2017: A Year in Review with La Ruta del Clima

 

2017 review


Trump administration reverses course

Within minutes of President Donald Trump’s inauguration, the climate change webpage on the official White House website disappeared.  This foreshadowed a crackdown on climate science and Obama-era policies and signaled a seismic shift in policy under this new administration filled with climate deniers and fossil fuel advocates.  

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Environmental Protection Agency Administrator Scott Pruitt and Secretary of the Interior Ryan Zinke have helped lead a regulatory rollback of Obama-era policies.  Since January 20, Trump has signed executive orders approving the Keystone XL and Dakota Access pipelines and expanding offshore drilling, Zinke has lifted a moratorium on coal leases on public lands and Pruitt has announced his intention to scrap the Obama-era Clean Power Plan.


The United States withdraws from the Paris Agreement, while Syria and Nicaragua join

In a widely criticized move, which Trump claimed was a “a reassertion of America’s sovereignty,” he announced the United States would withdraw from the Paris Agreement on June 1.  Trump blasted the agreement as a “massive redistribution of United States wealth to other countries,” announcing his intention to end the United States’ implementation of its Nationally Determined Contribution (NDC) and its payments to the Green Climate Fund.  The United States cannot officially withdraw from the agreement until November 4, 2020.

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On October 25, Nicaragua’s Vice President Rosario Murillo stated that her country would be joining the Paris Agreement.  Nicaragua had previously opposed the accord on the grounds that it was not ambitious enough.

During the second day of this year’s climate summit in November, Syrian delegates announced their intention to sign the Paris Agreement, leaving the United States as the only nation opposed to the Paris Agreement.

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Natural disasters dominate news cycle

2017 was not a normal year for natural disasters.

This year’s Atlantic hurricane season was one of the most destructive in history, with Hurricanes Harvey, Irma, Maria and Nate causing devastation in the Caribbean, southern United States and Central America.  Nate led to 22 deaths in Costa Rica, Nicaragua and Honduras.  Hurricane Maria crippled Puerto Rico’s power grid and fresh water supply, sparking a humanitarian crisis. The United States suffered more $200 billion dollars from storms this season, making it the most expensive hurricane season ever.

Increasing sea level temperatures and changing atmospheric conditions from climate change in the Atlantic have helped intensify the hurricane season in recent years, with 2017 ranking as one of the seven most intense ever recorded.  

More than 1,200 people died this summer in India, Nepal and Bangladesh from massive flooding during monsoon season.  Rising sea temperatures in South Asia and changing atmospheric conditions have also helped intensify storms in this region.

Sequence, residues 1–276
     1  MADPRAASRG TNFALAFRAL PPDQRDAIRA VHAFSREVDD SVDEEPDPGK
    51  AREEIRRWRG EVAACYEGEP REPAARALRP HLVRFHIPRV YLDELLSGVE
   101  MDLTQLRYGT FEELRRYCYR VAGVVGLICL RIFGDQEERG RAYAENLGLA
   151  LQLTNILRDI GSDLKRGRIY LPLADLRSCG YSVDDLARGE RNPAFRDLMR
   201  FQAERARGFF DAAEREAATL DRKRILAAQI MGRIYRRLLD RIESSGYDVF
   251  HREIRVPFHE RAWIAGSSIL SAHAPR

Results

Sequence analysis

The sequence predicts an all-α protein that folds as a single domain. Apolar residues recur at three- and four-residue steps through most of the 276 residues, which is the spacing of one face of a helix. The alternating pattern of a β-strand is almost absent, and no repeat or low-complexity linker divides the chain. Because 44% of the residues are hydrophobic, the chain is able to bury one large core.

Wildfires in northern California resulted in over 40 fatalities and billions of dollars of damage.  Countries such as Chile, Spain, Portugal, Italy, France, Croatia, Greece, Russia, Greenland and Canada were also heavily impacted by wildfires in 2017.  Scientists have speculated that there is a climate component fueling these fires

 

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One of the hottest years on record

As 2017 winds down, it is on track to be one of the three hottest years on record.  This is coming off the warmest year ever in 2016, with the ten hottest years having all occured since 1998.


COP23 held in Bonn, Germany

This year’s climate negotiations in Bonn, hosted by the island-nation of Fiji, led to a resolution helping advance the implementation of the Paris Agreement as well as the launching of several initiatives and alliances, including:

Talanoa Dialogue:  This inclusive and participatory process will facilitate the “sharing of ideas, skills and experience through storytelling” among governments on how to implement the Paris Agreement and enhance action in countries’ nationally determined contributions.  

Gender Action Plan: This initiative seeks to increase the role of women in climate change governance.

InsuRelience Global Partnership: The InsuResilience Global Partnership for Climate and Disaster Risk Finance and Insurance Solutions was launched with the financial assistance of Germany and the United Kingdom, to help provide insurance and financial protection to populations vulnerable to climate change.  

Powering Past Coal Alliance: Canada and the United Kingdom announced the formation of this alliance, which includes more than two dozen nations, two U.S. states and several Canadian provinces.  The alliance’s members, which include Costa Rica, committed to “phasing out existing traditional coal power in their jurisdictions, and to a moratorium on any new traditional coal power stations without operational carbon capture and storage within their jurisdictions.”

America’s Pledge – Former New York City Mayor Michael Bloomberg and California Governor Jerry Brown held a launch event at the U.S. Climate Action Center for the America’s Pledge initiative, which brings together members of the private and public sectors in the United States committed to remaining in the Paris Agreement.   


France and the United Kingdom make strides

Under a draft bill submitted in September, France will no longer issue new oil and gas exploration permits on its mainland and territories, and current concessions will be phased out by 2040.   This bill is largely a symbolic move, as France imports the vast majority of its hydrocarbons used for consumption.  Hulot also announced France will ban petrol and diesel cars by 2040 and has been vocal about reducing France’s dependence on nuclear energy.

Following France’s lead, the British government announced its intention to ban all petrol and diesel cars by 2040.  

Scottish Energy Minister Paul Wheelhouse announced an effective ban on fracking after a public consultation demonstrated overwhelming opposition to the technology.